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Renaissance   C

Miramax Films / Onyx Films

Year Released: 2006
MPAA Rating: R
Director: Christian Volckman
Writers: Mathieu Delaporte, Alexandre de La Patellière
Cast: Daniel Craig, Romola Garai, Ian Holm, Kevork Malikyan, Catherine McCormack, Jonathan Pryce.

Review by Rob Vaux

At its best, Renaissance is a testament to the wondrous potential of animation -- defying the cute-animals-and-kiddie-parade formula of Disney's ilk, while forging a unique vision separate from more adult fare like A Scanner Darkly. Its cyberpunk vistas are gorgeous creations of noir monotone, evoking Frank Miller's Sin City comics but beholden to no imagination save its own. It reminds us that so much can be achieved with the cinematic tools at our disposal these days, limited only by the filmmakers' desires. Unfortunately, it also reminds us that visuals mean very little without a strong script to back them up. And as awe-inspiring as director Christian Volckman's futuristic imaginings can be, Renaissance squanders them on a story of exasperating banality.

First, the good stuff. Volckman and animation wunderkind Marc Miance have hit upon a brilliant formula for bringing their ideas to life. They use motion-capture technology to mimic the action of real actors, creating a blueprint for the animators to work around. Several additional techniques have solved the problems that plagued previous CGI efforts. Tiny cameras, mounted on glasses, recorded the cast's eye movements for the computers, giving the characters on-screen that all-important spark of humanity. (Contrast that with the figures in Final Fantasy and The Polar Express, who look like wax mannequins brought to life.) Furthermore, Renaissance understands that caricature is the soul of animation -- that its purpose is not to emulate reality, but to exaggerate it (even in efforts as ostensibly devoted to naturalism as this one). Simplicity marks the faces of Renaissance's characters, touched by the barest hints of extension and distortion that create plausible human figures without losing the unique look that Miance and his team have conjured.

The setting is equally well developed. Volckman has engineered a future noir scenario set in the year 2054, amid a Paris cut off from the outside world and ruled by the giant Avalon Corporation, which sells products guaranteeing youth and longevity. Few science-fiction settings combine the old with the new as well as this one. The city is unmistakably Paris, featuring classic architecture, famous landmarks like Notre Dame and the Eiffel Tower, and a physical layout that any native will recognize in a heartbeat. And yet the filmmakers have expanded it into a wondrously hypothetical future featuring sprawling skyscrapers and multiple levels of walkways and thoroughfares. Transparency dominates many levels of the metropolis -- allowing those above to peer on those below, and fitting in well with the film's themes of voyeurism and control.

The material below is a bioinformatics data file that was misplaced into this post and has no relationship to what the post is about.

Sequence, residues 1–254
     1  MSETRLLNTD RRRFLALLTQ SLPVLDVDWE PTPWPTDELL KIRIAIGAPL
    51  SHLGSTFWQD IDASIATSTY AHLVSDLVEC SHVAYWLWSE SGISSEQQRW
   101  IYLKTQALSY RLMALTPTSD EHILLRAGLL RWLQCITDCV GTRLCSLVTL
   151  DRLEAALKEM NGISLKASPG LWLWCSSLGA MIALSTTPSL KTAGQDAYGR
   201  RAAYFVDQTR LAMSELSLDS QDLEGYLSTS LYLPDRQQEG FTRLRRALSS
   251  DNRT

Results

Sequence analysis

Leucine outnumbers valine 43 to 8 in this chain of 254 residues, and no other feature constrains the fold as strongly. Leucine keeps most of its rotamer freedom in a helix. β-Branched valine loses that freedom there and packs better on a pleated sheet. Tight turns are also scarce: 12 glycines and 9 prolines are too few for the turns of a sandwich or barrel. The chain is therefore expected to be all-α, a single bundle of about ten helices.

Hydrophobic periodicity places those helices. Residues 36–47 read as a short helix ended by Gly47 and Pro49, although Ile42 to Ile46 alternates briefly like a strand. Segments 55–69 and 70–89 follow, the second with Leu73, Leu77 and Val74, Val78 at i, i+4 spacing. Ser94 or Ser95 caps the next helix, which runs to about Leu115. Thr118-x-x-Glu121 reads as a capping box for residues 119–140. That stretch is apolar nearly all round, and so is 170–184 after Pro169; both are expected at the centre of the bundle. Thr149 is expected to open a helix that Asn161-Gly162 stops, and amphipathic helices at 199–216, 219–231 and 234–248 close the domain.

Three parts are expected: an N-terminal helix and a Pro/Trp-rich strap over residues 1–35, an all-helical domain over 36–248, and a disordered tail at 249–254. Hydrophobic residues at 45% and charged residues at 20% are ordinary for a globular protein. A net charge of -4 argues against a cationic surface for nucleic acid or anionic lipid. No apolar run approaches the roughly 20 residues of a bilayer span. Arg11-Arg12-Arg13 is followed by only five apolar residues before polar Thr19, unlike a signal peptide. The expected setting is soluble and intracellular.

To that, Volckman adds a palate of extreme contrast: stark black and white that bursts from the screen in images of breathtaking beauty. Robert Rodriguez tickled such visual potential with his adaptation of Sin City, but it took Renaissance to fully realize the concept. It gives the film one of the most original looks you're likely to see this year, and reminds us once again that for a certain mood and style, nothing comes close to a two-tone universe.

And yet, as marvelous as this canvas is, it supports a plot and story worn bare from overuse. For the first 20 minutes or so, the sheer stunning totality of spectacle carries us along, but familiarity slowly creeps in, leading us to ask what the film has besides a nifty look. The answer soon becomes depressingly clear: not much. The plot presents a tired hash of stereotypes, untouched by the imagination brought to the production itself: renegade cops and femme fatales and evil corporations with dark secrets... concepts mined to the bedrock by a million earlier films. Its hero Barthélémy Karas (Daniel Craig) is a typical plays-by-his-own rules gumshoe, tasked with hunting down a missing Avalon scientist (Romola Garai) whose work may hold the key to immortality. As much as their visual appearance sparkles, their personalities are nothing more than ciphers, and the web of secrets that Karas digs his way into has little resonance or depth. Volckman shakes things up every now and then with a few striking actions scenes, but the gorgeous sense of spectacle can't overcome the screenplay's uncomfortably prominent ennui.

Renaissance further compounds its folly with a ponderous subtext about the quality of life and death. Volckman allows his characters to contemplate the philosophical underpinnings of their dilemma, but the script lacks the heft to make us care. Without investing us more in the drama, such notions become little more than art-house posing -- pretentious as only a black-and-white French film can be. It only underscores the film's more direct failures, failures that its bold imagery can never entirely offset. Renaissance is an inspiring film in some ways, and its creators' ambitions are set admirably high. But a vista as amazing as this one needs a worthy narrative to justify it, and nothing of the sort can be seen. For all the juicy possibilities lying beneath its photonegative surface, it's ultimately just a direct-to-video clunker dressed up in sexy clothes.

Review published 09.21.2006.

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